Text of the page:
Rowdy knew it for pure good luck that it landed right, but to this day Bandy-legs looks upon him as a Wonder with a rope--and Bandy-legs would insist upon the capital.

"Where shall I take him?" Rowdy asked, coming up with his captive, and with nothing but his eyes to show how he was laughing inwardly.

Bandy-legs crawled from the drift, still scraping snow from inside his collar, and gave many directions about going through a certain gate into such-and-such a corral; from there into a stable; and by seeming devious ways into a minutely described stall.

"All right," said Rowdy, cutting short the last needless details. "I guess I can find the trail;" and started off, leading the stallion. Bandy-legs followed, and Chub, observing the departure of Dixie, ambled faithfully in the rear.

"Much obliged," conceded Bandy-legs, when the stallion was safely housed and tied securely. "Where yuh headed for, young man?"

"Right here," Rowdy told him calmly, loosening Dixie's cinch. "I'm the long-lost top hand that the Cross L's been watching the sky-line for, lo! these many moons, a-yearning for the privilege of handing me forty plunks about twice as fast as I've got 'em coming. Where's the boss?"

"Er--I'm him," confessed Bandy-legs meekly, and circled the two dubiously. "I guess you've heard uh Eagle Creek Smith--I'm him. The Cross L belongs to me."

Rowdy let out an explosive, and showed a row of nice teeth. "Well, I ain't hard to please," he added. "I won't kick on that, I guess. I like your looks tolerable well, and I'm willing to take yuh on for a boss. If yuh do your part, I bet we'll get along fine." His tone was banteringly patronizing "Anyway, I'll try yuh for a spell. You can put my name down as Rowdy Vaughan, lately canned from the Horseshoe Bar."

"What for?" ventured Bandy-legs--rather, Eagle Creek--still circling Rowdy dubiously.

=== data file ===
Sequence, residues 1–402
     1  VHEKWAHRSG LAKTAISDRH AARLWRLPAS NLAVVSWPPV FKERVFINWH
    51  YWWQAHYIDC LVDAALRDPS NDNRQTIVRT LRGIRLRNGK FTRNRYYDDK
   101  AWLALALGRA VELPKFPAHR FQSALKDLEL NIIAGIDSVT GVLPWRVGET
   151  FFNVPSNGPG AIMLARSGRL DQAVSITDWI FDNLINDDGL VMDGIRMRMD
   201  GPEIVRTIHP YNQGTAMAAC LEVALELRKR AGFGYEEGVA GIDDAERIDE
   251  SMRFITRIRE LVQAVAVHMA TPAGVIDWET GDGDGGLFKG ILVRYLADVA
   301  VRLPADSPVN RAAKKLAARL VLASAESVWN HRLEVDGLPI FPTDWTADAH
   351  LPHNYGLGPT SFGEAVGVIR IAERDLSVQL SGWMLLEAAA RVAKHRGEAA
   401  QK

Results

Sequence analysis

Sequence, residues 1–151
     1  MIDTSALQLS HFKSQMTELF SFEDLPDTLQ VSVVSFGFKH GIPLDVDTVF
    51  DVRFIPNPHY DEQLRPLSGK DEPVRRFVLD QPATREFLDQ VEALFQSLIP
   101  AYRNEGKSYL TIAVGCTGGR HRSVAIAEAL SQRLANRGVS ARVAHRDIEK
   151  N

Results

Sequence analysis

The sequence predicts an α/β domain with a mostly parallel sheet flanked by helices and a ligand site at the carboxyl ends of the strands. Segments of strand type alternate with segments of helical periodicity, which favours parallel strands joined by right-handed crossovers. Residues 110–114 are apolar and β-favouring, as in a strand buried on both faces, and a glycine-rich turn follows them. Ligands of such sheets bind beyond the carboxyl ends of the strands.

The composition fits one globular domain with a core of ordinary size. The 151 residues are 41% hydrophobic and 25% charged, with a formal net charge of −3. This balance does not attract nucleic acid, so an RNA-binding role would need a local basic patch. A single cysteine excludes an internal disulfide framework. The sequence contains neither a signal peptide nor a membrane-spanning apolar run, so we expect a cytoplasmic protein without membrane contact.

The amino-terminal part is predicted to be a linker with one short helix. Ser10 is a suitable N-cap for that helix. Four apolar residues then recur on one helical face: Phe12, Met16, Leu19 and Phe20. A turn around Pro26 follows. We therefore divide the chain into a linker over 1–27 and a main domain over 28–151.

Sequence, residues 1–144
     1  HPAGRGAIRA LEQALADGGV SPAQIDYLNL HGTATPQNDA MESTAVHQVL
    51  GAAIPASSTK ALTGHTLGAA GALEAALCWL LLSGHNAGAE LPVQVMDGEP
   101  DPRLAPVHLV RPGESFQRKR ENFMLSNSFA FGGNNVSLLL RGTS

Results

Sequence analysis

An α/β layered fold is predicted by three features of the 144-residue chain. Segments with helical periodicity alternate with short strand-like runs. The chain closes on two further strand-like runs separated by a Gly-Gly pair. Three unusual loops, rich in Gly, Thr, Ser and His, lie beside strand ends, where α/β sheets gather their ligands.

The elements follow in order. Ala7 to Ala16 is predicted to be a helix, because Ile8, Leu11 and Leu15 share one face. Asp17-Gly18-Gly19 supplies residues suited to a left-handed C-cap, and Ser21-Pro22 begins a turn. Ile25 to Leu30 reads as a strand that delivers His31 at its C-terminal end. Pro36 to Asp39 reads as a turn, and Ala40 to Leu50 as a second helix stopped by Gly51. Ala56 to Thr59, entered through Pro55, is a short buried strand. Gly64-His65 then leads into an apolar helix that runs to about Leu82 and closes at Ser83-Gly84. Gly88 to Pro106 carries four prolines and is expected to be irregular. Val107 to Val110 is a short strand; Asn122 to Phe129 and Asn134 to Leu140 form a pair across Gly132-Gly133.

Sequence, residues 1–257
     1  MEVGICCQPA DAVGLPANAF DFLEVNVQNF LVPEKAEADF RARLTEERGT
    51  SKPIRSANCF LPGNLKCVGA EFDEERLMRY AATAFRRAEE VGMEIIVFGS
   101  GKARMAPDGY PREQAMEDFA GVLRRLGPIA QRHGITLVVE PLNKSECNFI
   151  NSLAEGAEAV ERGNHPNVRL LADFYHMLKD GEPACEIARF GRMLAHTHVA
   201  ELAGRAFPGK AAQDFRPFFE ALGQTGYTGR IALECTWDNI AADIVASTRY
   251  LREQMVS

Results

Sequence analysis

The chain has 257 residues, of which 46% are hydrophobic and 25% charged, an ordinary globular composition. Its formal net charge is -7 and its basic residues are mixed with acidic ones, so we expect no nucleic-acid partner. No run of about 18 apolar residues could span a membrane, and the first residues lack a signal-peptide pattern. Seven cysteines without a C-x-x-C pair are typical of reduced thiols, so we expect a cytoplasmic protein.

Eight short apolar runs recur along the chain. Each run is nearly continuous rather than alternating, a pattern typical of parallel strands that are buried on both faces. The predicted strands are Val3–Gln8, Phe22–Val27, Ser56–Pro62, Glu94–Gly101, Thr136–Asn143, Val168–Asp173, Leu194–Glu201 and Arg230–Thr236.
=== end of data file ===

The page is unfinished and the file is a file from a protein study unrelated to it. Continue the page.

"What for was I canned?" repeated Rowdy easily. "Being a modest youth, I hate t' tell yuh. But the old man's son and me, we disagreed, and one of his eyes swelled some; so did mine, a little." He stood head and shoulders above Eagle Creek, and he smiled down upon him engagingly. Eagle Creek capitulated before the smile.

"Well, I ain't got any sons--that I know of," he grinned. "So I guess yuh can consider yourself a Cross L man till further notice."

"Why, sure!" The teeth gleamed again briefly. "That's what I've been telling you right along. Where's old Wooden Shoes? He's responsible for me being here."

"Gone to Chinook. He'll be back in a day or two." Eagle Creek shifted his feet awkwardly. "Say"--he glanced uneasily behind him--"yuh don't want t' let it get around that yuh sort of-- hired me--see?"

"Of course not," Rowdy assured him. "I was only joshing. If you don't want me, just tell me to hit the sod."

"You stay right where you're at!" commanded Eagle Creek with returned confidence in himself and his authority. Of a truth, this self-assured, straight-limbed young man had rather dazed him. "Take your bed and war-bag up to the bunk-house and make yourself t' home till the boys get back, and--say, where'd yuh git that pack-horse?"

The laugh went out of Rowdy's tawny eyes. The question hit a spot that was becoming sore. "I borrowed him this morning from Mr. Rodway," he said evenly. "I'm to take him back to-day. I stopped there last night."

"Oh!" Eagle Creek coughed apologetically, and said no word, while Rowdy led Chub back to the cabin which he had pointed out as the bunk-house; he stood by while Rowdy loosened the pack and dragged it inside.

"I guess you can get located here," he said. "I ain't workin' more'n three or four men just now, but there's quite a few uh the boys stopping here; the Cross L's a regular hang-out for cow-punchers. You're a little early for the season, but I'll see that yuh have something t' do--just t' keep yuh out uh devilment."

Rowdy's brows unbent; it would seem that Eagle Creek was capable of "joshing" also. "It's up t' you, old-timer," he retorted. "I'm strong and willing, and don't shy at anything but pitchforks."

Eagle Creek grinned. "This ain't no blamed cowhospital," he gave as a parting shot. "All the hay that's shoveled on this ranch needn't hurt nobody's feelings." With that he shut the door, and left Rowdy to acquaint himself with his new home.